By Derek Dandy, market development engineer, Bodycote
Bolted joint design can be a challenging task when faced with the number of factors that lead to a safe and reliable joint. Failure to understand these factors can be catastrophic if proper attention is not given to each and every component in the joint. In this article an approach to minimise fluctuations with respect to coefficient of friction when using stainless steel, as well as nickel-based and cobalt-based fasteners, will be presented.
Bolted joints are the primary means of fastening in automobiles, but also a common cause of warranty failure. Typical vehicles use 4,000 bolts1. What is the probability that some of these bolts are loose? As it is well known in the fastener industry, ~90% of installation torque can be lost to friction under the head of the fastener and in the threads. Due to the fact that this percentage is so high, minimising any variation with fastener behaviour can have a significant impact on the consistency of the clamp load generated in the joint. The dimensionless number that dictates the friction is commonly referred to as Coefficient of Friction (CoF) and can vary from 0.04 to 1.10. The relationship between CoF and clamp load is explained using the formula:
T = k*d*F
T = input torque, k = torque coefficient (CoF), d = nominal fastener diameter and F = clamp load
Using example values of 0.38 to 0.42 for CoF, there can be up to a 10% difference in the joint clamp load. In an ideal installation, a complex piece of equipment can be used to measure clamp load at each and every fastener – this can be costly and time prohibitive. In addition, these given CoF values are initial values and do not take into account surface degradation from adhesive wear, commonly known as galling. Stainless materials self-generate an oxide surface film for corrosion protection.
During fastener tightening, as pressure builds between the contacting and sliding thread surfaces, protective oxides are broken, possibly wiped off, and interface metal high points shear or lock together. This cumulative clogging-shearing-locking action causes increasing adhesion. In the extreme, galling leads to seizing – the actual freezing together of the threads.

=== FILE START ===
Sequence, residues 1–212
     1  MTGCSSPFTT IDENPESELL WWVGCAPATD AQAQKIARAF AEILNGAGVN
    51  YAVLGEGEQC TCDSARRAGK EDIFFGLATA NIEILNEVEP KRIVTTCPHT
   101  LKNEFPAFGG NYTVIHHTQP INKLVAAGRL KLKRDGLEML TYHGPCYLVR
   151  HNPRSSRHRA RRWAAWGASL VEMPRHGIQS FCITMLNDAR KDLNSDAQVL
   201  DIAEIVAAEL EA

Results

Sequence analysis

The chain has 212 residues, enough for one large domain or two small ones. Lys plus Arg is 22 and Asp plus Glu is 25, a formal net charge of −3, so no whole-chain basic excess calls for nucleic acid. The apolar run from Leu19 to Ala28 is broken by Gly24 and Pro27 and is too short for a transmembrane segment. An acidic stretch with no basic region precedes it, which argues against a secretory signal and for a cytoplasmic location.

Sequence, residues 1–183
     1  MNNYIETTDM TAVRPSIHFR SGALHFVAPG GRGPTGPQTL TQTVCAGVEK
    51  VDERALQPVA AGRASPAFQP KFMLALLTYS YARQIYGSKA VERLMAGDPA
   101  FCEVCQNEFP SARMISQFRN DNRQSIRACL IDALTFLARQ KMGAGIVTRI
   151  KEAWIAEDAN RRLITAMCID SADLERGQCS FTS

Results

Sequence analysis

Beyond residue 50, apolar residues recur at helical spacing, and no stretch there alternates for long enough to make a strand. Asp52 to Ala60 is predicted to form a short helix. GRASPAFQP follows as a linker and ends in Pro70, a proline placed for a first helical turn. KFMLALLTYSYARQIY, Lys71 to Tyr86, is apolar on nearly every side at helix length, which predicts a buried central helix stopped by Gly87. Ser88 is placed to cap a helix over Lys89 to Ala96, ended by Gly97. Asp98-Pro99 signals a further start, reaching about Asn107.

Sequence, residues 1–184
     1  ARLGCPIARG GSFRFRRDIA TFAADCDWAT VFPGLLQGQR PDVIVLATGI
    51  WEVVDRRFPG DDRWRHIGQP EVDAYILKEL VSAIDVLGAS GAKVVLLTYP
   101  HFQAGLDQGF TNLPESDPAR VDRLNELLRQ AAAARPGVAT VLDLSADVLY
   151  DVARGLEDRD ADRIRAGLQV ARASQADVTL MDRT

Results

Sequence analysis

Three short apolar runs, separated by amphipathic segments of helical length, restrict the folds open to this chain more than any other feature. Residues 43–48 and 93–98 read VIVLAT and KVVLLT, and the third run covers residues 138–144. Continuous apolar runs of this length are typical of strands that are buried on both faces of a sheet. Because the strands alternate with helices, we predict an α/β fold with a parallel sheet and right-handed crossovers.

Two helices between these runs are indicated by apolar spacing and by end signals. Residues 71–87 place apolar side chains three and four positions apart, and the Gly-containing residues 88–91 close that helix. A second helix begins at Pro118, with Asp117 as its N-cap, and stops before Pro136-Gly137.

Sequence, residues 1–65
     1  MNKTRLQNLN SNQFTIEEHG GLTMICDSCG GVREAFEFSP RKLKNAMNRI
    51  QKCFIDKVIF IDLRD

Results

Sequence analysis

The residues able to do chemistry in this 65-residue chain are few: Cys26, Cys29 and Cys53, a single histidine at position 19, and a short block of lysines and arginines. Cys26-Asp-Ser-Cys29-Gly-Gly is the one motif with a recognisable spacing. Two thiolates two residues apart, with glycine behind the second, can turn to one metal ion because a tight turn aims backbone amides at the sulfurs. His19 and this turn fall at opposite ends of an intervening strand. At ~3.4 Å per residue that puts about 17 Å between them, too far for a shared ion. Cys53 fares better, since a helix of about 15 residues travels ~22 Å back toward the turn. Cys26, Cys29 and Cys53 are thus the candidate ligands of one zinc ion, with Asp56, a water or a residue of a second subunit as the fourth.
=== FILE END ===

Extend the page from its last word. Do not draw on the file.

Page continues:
Several methods are currently used to reduce the CoF and with it the risk of galling in fasteners, but they do come with some disadvantages. One method is minimising the speed of assembly to reduce the localised heat generated due to friction, but this method isn’t entirely bulletproof and doesn’t always carry over to disassembly. Applying coatings, lubricants, or waxes, can be highly effective, but introduces potential sources of contamination. Lubricants can escape from the connection and coatings have the potential to delaminate from the base material. This is a substantial risk in applications in processing food, beverages and pharmaceuticals, as well as packaging machinery. Using dissimilar materials (e.g. Grade A2-C2, A4-C4 or A2-A4 bolt-nut combinations), faces the risk of galvanic corrosion when an electrolyte is present.
In many cases fasteners are reused as a cost savings measure. In other cases, with more exotic materials, reuse would be a great cost advantage but many of these joints are so critical in nature that replacing the fastener is mandated as part of a preventative maintenance schedule.
Bodycote S³P – proven surface technology
Bodycote, the world leader in thermal processing services, has just the solution to these common threaded fasteners issues. Kolsterising®, part of the Specialty Stainless Steel Processes (S³P) group with Bodycote, has been shown to eliminate the above mentioned issues with respect to CoF. Kolsterising is a low temperature carbon-based diffusion process that increases the surface hardness up to 1,200 HV0.05 (~72 HRC). This hardened layer has a gradual profile allowing the surface to retain its ductility with no risk of embrittlement. As opposed to some other high temperatures processes, this hardened layer is part of the base material therefore there is no risk of cracking, chipping or delamination.
No concessions have to be taken as far as fit/form/function as gauging as there will be no change to the dimension of the part after Kolsterising. The temperature used in this process is merely used to accelerate the diffusion process, yet is low enough to not initiate any phase changes or risk of carbide precipitation causing negative impacts to the corrosion resistance of the base material.